||Topic was automatically imported from the old Question2Answer platform.
A quick overview - I have a sprite that uses the Area2D signal
_input_event to detect it has been clicked and then highlight grid tiles on a tilemap. I want to then click one of those highlighted tiles and move the sprite there, which is where the problem arises.
I am retrieving the global mouse coordinates when a mouse depress is detected and then using
world_to_map to obtain the tilemap coordinates . Using
_input(event)on my sprite script I can obtain
event.global_position and that works fine until I change the camera position at which point I get the wrong tilemap coordinates.
I have tried using
get_global_mouse_position and this works well even when the camera moves. However, using this method means that it will detect where the mouse last was rather than the click event, so if I move the mouse quickly after clicking it can give a false result. So my question is; what is the difference between using
get_global_mouse_position in my case? Is there a better way to do this?
My scene structure is as follows:
event.global_position gives you the position of the event that triggered the _input(event) function. It can be any kind of event, even mouse movement itself is an event., or a key stroke.
get_global_mouse_position() will instead give the position of the mouse position indipendently from any input.
if get_global_mouse_position works in your project, you can combine it with _input(event) so that it only triggers at the right moment.
Or you could to some math and calculate what you need from the event.global_position and the translation/rotation/zoom of the camera
Hi, Thanks for the answer. Still a little confused on the real difference between using event.global_position vs get_global_mouse_position? See below: should these be the same?
if event is InputEventMouseButton:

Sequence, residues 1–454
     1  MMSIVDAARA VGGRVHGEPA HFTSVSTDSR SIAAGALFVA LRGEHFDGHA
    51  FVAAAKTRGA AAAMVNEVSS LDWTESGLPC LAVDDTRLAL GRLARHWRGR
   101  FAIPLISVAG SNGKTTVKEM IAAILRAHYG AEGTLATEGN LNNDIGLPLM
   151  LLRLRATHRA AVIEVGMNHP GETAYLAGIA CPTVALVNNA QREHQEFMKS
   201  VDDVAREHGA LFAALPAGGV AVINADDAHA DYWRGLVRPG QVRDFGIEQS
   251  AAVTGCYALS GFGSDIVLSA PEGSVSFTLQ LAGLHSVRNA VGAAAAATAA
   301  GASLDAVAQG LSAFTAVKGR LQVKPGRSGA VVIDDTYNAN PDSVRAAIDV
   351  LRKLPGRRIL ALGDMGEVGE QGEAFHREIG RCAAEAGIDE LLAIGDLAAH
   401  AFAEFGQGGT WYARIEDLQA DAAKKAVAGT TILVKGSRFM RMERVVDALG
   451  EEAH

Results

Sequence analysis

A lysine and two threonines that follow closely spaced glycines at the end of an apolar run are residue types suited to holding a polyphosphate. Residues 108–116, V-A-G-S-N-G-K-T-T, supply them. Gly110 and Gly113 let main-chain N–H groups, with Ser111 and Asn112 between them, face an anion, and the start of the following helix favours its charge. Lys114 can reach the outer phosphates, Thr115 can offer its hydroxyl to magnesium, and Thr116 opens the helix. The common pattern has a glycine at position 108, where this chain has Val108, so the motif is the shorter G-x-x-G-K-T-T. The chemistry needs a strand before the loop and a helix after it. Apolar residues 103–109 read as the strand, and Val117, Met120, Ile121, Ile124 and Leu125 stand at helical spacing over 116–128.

if not event.pressed:
#both print the same until camera zooms out, then both print different
print ("get_global_mouse_position" , get_global_mouse_position())
print ("event.global_position" , event.global_position)
McVities Chocolate | 2020-05-27 14:02
no, in detail
get_global_mouse_position(): returns the position of the world below the mouse, this is affected by camera zoom (because greater the zoom, greater the world coordinate span).
object.get_local_mouse_position(): same as above, but the position is relative to the object (if the object is the camera, the center of the screen is always (0,0)). Basically is the same as doing
event.global_position returns the pixel coordinate of the event on the window (top left of the windows is always (0,0), bottom right corner is (window width,window height). Unaffected by camera position and zoom
event.position return the position of the mouse relative to the viewport. In normal cases the viewport=window screen, but you can modify the viewport size and stretch it. For example if you set the
viewport.size=Vector2(100,100), the event.position will return (0,0) on the top left corner, and (100,100) on the bottom right.
Andrea | 2020-05-27 16:18
Great, that clears everything up. Thank you!
McVities Chocolate | 2020-05-27 23:08
I signed up to thank you for this :). Been looking everywhere including the docs, yet still found nothing but this. Never thought QnA would be more helpful than documentation, until now